A growing number of state residents are paying up to half their income for a place to live and one of the primary solutions for addressing the problem - building affordable housing - has run aground for lack of financing.
Mary Smith, 34, used to look askance at people who couldn't pull their own weight in society and needed help with their housing. That was when she had a job selling jewelry and was on her own, making her $800-a-month rent payment.
Then, Smith said, her circumstances changed at the hands of an abusive partner.
"I sold jewelry until I got beat up and lost hope," Smith said.
Smith said her life fell apart because of the domestic abuse and the loss of her job. It drove her and her 3-year-old son into a homeless shelter.
Smith said she's regained hope.
Now, she lives in a St. Paul apartment owned and managed by CommonBond, the St. Paul-based nonprofit that is the region's largest supplier of affordable housing.
CommonBond also helps residents restart their education and find work. Many view it as how affordable housing should work.
However, the entire system is under a lot of stress these days.
System under stresss
First, demand is spiraling.
CommonBond CEO and President Paul Fate said there are 5,800 people on their affordable housing waiting list.
"We just opened a 50-unit development in Maplewood, a family development," Fate said. "We had 550 people apply for those 50 units."
The demand for affordable housing is growing just as a big problem has emerged. Financing for building the units has mostly evaporated.
The money drought has derailed projects, including the rebuilding of Har Mar apartments in Roseville. There's water damage and decades of deferred maintenance at the 1960s-era complex.
However, the potential is obvious. The exterior bricks and mortar are rock solid, and the lumber framing is fine.
Minneapolis-based Aeon, another Minnesota affordable housing developer, now owns the complex and is ready to spend millions gutting and rehabilitating the apartments.
But the project is on hold. Banks and other big investors are staying on the sidelines.
In the past, they've been major players in financing affordable housing. They've done that through their purchase of low-income housing tax credits that gives them tax breaks.
But investors have taken some huge losses.
The experts say the investors don't need tax breaks when they're losing money, and plummeting real estate values have put fear in the hearts of all kinds of investors, large and small.
The losers in the equation, Aeon's Gina Ciganik said, are people in need of affordable housing - single parent families, older people on fixed incomes and low income workers.
"When you're making twelve dollars, fourteen dollars an hour, which seems like a pretty good start, it is very hard to find a place to live in the Twin Cities area," Ciganik said.
The picture in greater Minnesota is worse.
Rick Goodemann, the executive director of the Southwest Minnesota Housing Partnership based in Slayton, said employers in his area are ready to expand and hire workers. But, Goodemann said the rental housing vacancy rate in some communities is near zero.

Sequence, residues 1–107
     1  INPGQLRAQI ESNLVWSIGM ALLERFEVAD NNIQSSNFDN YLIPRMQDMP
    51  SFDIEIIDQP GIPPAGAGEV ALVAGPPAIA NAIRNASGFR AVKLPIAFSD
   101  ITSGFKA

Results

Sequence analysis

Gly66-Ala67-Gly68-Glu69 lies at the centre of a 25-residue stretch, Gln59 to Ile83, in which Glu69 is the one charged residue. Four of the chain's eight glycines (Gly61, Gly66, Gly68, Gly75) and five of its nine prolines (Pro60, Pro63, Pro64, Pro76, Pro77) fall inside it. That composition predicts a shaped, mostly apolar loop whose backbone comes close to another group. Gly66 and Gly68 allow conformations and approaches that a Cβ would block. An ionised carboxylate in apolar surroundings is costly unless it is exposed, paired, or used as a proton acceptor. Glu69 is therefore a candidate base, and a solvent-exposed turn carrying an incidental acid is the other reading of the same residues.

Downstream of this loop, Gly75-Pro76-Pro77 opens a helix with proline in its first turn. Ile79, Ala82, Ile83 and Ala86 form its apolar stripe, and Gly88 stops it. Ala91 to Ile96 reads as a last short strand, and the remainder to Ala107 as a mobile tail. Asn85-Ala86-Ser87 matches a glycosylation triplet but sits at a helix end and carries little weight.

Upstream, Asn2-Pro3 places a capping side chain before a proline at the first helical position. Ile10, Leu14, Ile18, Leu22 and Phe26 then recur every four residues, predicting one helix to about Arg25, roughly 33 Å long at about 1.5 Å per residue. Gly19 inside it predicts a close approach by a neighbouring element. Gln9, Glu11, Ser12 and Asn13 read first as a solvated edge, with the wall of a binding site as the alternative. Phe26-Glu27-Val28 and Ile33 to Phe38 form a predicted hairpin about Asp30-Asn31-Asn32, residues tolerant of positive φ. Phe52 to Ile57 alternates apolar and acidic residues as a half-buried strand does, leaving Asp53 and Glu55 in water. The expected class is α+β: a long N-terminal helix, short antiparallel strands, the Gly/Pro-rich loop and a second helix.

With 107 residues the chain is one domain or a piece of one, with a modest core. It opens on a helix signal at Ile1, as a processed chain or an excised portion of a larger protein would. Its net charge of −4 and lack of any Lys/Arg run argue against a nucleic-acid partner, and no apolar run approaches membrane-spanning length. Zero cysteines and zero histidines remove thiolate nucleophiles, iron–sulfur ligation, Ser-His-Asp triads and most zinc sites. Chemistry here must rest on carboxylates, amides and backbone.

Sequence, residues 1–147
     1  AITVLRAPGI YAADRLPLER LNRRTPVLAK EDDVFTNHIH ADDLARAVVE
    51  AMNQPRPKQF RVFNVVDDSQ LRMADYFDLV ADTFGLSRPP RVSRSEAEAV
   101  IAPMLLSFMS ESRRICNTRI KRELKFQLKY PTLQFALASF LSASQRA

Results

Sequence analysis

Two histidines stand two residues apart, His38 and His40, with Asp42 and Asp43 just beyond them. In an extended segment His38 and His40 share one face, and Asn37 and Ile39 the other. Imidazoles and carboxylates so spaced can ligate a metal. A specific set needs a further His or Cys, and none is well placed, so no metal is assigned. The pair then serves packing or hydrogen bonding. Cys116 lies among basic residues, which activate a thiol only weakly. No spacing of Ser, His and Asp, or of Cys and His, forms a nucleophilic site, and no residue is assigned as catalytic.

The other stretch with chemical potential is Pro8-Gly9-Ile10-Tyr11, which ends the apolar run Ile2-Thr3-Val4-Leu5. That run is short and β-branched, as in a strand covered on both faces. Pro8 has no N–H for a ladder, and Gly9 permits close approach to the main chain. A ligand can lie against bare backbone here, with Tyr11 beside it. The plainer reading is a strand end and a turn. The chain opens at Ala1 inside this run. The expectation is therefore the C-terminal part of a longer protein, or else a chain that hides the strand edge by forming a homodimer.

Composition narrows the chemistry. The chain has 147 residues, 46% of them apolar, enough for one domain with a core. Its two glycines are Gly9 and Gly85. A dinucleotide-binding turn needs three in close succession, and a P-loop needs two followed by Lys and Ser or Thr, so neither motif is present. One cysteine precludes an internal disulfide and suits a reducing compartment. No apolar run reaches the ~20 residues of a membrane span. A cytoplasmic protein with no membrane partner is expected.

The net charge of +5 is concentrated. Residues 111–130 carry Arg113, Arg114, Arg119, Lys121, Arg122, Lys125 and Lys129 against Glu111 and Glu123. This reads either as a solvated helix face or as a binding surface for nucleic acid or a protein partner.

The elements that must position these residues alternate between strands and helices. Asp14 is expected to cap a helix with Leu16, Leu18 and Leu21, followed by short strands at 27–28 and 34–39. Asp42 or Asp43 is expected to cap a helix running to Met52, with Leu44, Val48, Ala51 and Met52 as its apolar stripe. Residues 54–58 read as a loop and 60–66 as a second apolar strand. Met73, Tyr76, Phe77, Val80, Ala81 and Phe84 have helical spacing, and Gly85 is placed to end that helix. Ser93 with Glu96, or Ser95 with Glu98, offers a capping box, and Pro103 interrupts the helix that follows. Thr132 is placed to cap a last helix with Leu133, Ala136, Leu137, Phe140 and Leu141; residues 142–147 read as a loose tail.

Even if there were vacancies many of the new jobs don't pay enough to allow workers to afford the rent, much less buy a home. Goodemann said the lack of financing for affordable housing has forced him to put several projects on hold.
"We actually have an area of the state that has job growth and we're being hindered because we can't produce the housing," Goodemann said.
Even if investors jump back in there's a huge affordable housing shortage in the state. The estimate from Minnesota officials is the state is short 23,000 units of affordable housing.
The affordable housing investment drought is playing out as the recession causes job losses and eats into household incomes. The result is a growing number of Minnesotans are house or apartment poor.
CommonBond's Paul Fate said 1-in-8 Minnesotans pay up to half their income for housing.
"Any of those families or individuals that are paying those kinds of housing costs is on the edge of losing their homes and becoming homeless," Fate said. "So the economic and social instability that that represents is daunting."
Mary Smith's future looks more stable than it did a year ago, when she was homeless. Smith has a place to live and she said she's regained the hope she had lost.
Smith said she's grateful there was help available when she needed it.
"You can't judge anyone until you've been in those circumstances," Smith said.
Projects are stalled and demand vastly outstrips supply. Still, there are some glimmers of hope on the horizon for affordable housing.
Federal stimulus dollars have helped put some of the stalled projects back on track, and there's talk of reengineering federal rules to help attract investors back to the low income housing tax credit market.